By Seth James Nielson and Daron Barnes of Ironwood Experts.
As a younger man, and long before I knew anything about computer security, I was quite a fan of Star Trek the Next Generation. One episode in particular, Contagion, captured my imagination. In this episode, an alien computer virus infects the ship’s systems, resulting in various malfunctions. The virus eventually triggers the ship’s self-destruct sequence but is stopped by shutting down all the systems. The ship is then, essentially, restored from back-up.
It amuses the Star Trek Fan still within me that this type of approach is actually recommended by Trend Micro for dealing with a CryptoLocker Ransomware infection.
Ransomware is a type of attack wherein a bad guy locks out files or systems from the owner(s). Typically, the software invades the target system using the same methods a virus would, but simply encrypts files rather than destroying or corrupting them. The attacker’s malicious software then alerts the user that their data is locked–but it can be decrypted… for a price.
Apparently, an L.A. hospital just fell victim to this kind of attack. The attackers locked down the hospital’s files so effectively that the hospital paid a $17k ransom to regain access. There appear to be no injuries or deaths attributable to this reduced capacity, but the hospital felt it had no choice but to pay up. According to some reports, without access to the locked files, the hospital had been forced to revert to paper medical records transmitted by phone and fax.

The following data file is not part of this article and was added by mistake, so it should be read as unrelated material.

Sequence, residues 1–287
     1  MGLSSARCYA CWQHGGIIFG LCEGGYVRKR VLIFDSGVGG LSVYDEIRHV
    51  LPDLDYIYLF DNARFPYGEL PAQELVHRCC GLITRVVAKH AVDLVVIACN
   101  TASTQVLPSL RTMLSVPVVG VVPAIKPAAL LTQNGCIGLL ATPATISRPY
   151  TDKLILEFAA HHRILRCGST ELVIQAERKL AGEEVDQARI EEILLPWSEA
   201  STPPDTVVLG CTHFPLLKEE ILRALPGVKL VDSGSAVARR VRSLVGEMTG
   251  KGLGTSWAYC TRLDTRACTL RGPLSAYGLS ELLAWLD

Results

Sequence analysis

This story surprises me–the hospital’s locked files should be recoverable from backups. Daily, or at least weekly, backups are pretty standard for even the smallest institutions these days. Surely a hospital backs up their files. Even week-old restored data should have been enough to prevent a catastrophe.
I hope that more is revealed about this story in the coming days and weeks, but I have a guess about what happened. In the past, the Hospital probably had a backup solution for all of its data. Then, at some point, their systems changed. New data was generated on new systems not covered by the previous backup configuration. The hospital was no longer backing up all of their files. The attacker, either through insider knowledge or surveillance, figured out certain critical patient files that were unprotected and chose those as his target.
As I said, this is just a guess. But these kinds of practical security problems happen all the time. Effective security relies on assumptions and boundaries, models of trust, and models of threat. And unfortunately, the underlying reality of those assumptions and boundaries change over time, especially in a chaotic environment like a medical facility. Without careful management, critical systems can slip outside the security perimeter.
Ross Anderson discusses this in his book entitled Security Engineering (second edition). Says he,
“We’ve also seen many cases where the policy and mechanisms were set when a system was first built, and then undermined as the environment (and the product) evolved, but the protection did not.”
Anderson goes on to discuss how organizations can and should manage their evolution, noting that they must be willing to spend sufficiently for necessary and effective technological tools, and highly competent people.
The takeaway message is this–nobody can just put up a computer security wall and say, “now I’m safe!” Security is a constant and ongoing exercise in vigilance, education, and training.